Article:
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Theater troupe talks straight about heroin, meth

Actor Darius Dotch (portraying a high school student with meth at a party) recites his own “Ode to Meth” to Kayla (played by Briana Patnode) and her friend, Jen (played by Siddeeqah Shabazz) during a Feb. 27 performance in the gym at the Fond du Lac Ojibwe school. Although the girls are not tempted by his poems or his drugs, Kayla hits a rough patch when her boyfriend breaks up with her and impulsively tries some of the drug, and it’s a quick downhill slide from there. Jana Peterson/Pine Journal

When CLIMB Theatre actors came to the Fond du Lac Ojibwe School Feb. 27, they came with serious faces and a serious message: Don’t ever take heroin or methamphetamine. Addiction to these drugs can be almost instant and is difficult to overcome. Even good kids make bad choices, but choosing to take these two drugs could be the most difficult choice to reverse.

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Moving between three platforms, first the actors from the educational theater troupe hit the assembled students with a barrage of facts about both drugs while slides with statistics or photos of people showing the side effects of the drugs were projected onto a white background.

Three different actors addressed the audience, taking turns, starting with street names for both drugs. Meth is also known as Crystal, Ice, Crank, Glass, Speed and The Devil’s Drug. Heroin — a drug that is making a comeback across the country, in many cases because it’s easier to get than prescription opiates like Oxycodin — goes by names such as H, Chiva, Horse, Smake, ska, junk, skag and Thunder.

They talked about the ingredients for meth: lye, drain openers like Draino, paint thinner, rubbing alcohol, sulfuric acid.

“Most meth is now produced not in labs, but in two-liter soda bottles,” Actor  Z told the crowd of rapt students. “Called ‘shake and bake,’ this method takes only an hour. Ingredients can be carried in a backpack and meth users frequently make meth while driving around in their cars. Then, they just throw the used plastic bottles, containing a poisonous brown and white sludge, along the highway.”

Actor Y takes over, noting that authorities suggest people who find discarded bottles containing an unknown mixture to leave them alone and call the police instead.

“The new shake and bake labs put everyone in danger, because they are very highly flammable and can explode at any time, even while the drug users are driving around, obviously putting themselves and other drivers in danger,” Actor Z said.

The feelings a user experiences the first time he or she takes either meth or heroin “make the user feel fine beyond anything they have ever felt before,” Actor Y said, explaining how both drugs tap into the brain’s pleasure and reward center, causing the release of dopamine.

Meth users often feel energetic and euphoric, confident and talkative. However, that high — which can last up to half a day — is followed by a crash that leaves the user very depressed and, consequently, wanting to get high again.

Heroin makes users feel relaxed and peaceful … although they may also feel nauseous, vomit, itch or have a very dry mouth, on top of cloudy thinking and slowed and shallow breathing.

“Meth and heroin are two of the most addictive substances known,” Actor Z told the crowd. “Users will keep using these substances to try to recreate that very first rush. But no amount of heroin or meth will ever reproduce the first rush. What meth will eventually do is change your brain chemistry so you feel afraid and hostile, moody and are less able to feel pleasure or think or behave rationally.”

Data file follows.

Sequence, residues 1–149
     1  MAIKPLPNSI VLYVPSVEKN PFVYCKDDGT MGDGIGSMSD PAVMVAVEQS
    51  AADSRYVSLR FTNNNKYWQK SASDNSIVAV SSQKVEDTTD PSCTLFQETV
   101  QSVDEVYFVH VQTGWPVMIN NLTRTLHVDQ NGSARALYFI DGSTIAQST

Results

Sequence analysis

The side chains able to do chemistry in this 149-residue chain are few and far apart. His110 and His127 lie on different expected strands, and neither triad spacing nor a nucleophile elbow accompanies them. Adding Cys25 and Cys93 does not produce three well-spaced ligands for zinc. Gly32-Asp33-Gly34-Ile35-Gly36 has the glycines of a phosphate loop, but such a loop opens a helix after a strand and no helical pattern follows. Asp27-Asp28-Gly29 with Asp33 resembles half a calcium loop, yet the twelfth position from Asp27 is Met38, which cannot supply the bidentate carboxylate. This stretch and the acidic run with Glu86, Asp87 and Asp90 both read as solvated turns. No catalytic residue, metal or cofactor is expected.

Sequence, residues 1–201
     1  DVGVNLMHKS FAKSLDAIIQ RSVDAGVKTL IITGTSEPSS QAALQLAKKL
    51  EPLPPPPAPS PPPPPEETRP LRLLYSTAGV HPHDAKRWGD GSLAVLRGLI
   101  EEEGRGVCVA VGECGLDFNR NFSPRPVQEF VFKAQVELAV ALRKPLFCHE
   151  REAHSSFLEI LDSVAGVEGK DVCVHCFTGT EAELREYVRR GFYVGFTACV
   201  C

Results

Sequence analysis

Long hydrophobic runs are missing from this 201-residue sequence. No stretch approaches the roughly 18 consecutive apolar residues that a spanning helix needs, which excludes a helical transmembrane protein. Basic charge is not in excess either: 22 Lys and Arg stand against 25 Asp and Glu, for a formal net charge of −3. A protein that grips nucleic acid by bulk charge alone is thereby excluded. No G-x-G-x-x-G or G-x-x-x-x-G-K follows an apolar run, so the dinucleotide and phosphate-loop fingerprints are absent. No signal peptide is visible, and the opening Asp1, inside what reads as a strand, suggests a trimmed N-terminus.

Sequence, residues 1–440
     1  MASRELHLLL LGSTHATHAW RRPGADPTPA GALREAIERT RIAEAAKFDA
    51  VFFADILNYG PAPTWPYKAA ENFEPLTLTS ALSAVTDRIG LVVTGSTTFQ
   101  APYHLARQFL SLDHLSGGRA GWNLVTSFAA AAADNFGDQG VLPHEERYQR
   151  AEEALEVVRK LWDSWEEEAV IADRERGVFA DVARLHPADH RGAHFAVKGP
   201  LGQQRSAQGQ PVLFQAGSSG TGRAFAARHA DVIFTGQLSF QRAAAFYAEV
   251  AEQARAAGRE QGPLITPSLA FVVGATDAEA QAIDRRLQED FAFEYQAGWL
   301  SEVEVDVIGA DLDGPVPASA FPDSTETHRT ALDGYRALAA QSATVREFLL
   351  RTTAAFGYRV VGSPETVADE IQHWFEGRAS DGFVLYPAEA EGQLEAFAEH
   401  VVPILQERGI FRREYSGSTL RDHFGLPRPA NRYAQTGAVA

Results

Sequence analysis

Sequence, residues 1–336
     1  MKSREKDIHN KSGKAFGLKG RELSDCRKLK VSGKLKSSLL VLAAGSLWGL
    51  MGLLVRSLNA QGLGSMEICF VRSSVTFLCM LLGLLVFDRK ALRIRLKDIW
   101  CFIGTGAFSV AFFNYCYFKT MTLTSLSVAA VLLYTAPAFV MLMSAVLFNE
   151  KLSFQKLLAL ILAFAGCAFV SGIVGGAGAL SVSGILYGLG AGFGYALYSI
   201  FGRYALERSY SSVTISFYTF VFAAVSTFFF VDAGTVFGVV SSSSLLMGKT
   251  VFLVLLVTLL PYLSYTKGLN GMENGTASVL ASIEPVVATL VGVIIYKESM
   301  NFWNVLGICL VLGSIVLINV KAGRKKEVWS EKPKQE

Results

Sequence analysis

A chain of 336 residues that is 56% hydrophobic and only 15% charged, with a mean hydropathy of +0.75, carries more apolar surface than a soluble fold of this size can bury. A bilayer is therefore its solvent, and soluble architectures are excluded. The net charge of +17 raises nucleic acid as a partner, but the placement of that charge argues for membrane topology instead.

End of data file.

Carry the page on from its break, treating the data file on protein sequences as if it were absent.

For those students who weren’t immediately convinced by the onslaught of chilling facts about the two drugs, five CLIMB actors showed them the story of two different teenagers — one a straight-A female student , Kayla who wants to go to college and be a writer, the other a basketball star, Chris, who finds her diary when he goes to the emergency room for a turned ankle.

Kayla’s story unfolds inside of Chris’ story, as he reads portions of her diary, learning how she takes meth for the first time at a party after her long-time boyfriend dumps her over the phone, then how quickly she goes from straight-As to skipping school, stealing from friends and family and lying to everyone who cares about her.

Chris understands, the audience learns, because he has been to treatment for heroin three different times. Clean for the moment, he must constantly resist old friends who call to invite him for one last high.

Most dramatic is the different “Ode to Meth” poems Kayla recites: a jubilant, happy poem after the first time she takes meth, “I want to live in this moment forever,” to her final poem, about the “abyss” of meth.

There is no happy ending. Chris relapses after his new friend confronts him about his past and Kayla seems like a lost cause, insisting repeatedly that she won’t ever use again but then using, ending up in jail. We see both their parents learn that they can’t control their child’s addiction, and make the difficult choice to protect another child, or protect themselves.

While the play might strike older watchers or the uninitiated as something that students from outstate Minnesota would never encounter, SADD (Students Against Destructive Decisions) member Naazhe Laprairie said she wasn’t shocked by the play.

“I’ve seen stuff like that,” said the 14-year-old, adding that she’s heard or known of older kids who have taken heroin or meth “just trying to be adults.”

“I think it’s dealing with a lot of the things we’ve been talking about with SADD,” she added. “It would definitely make someone think twice.”

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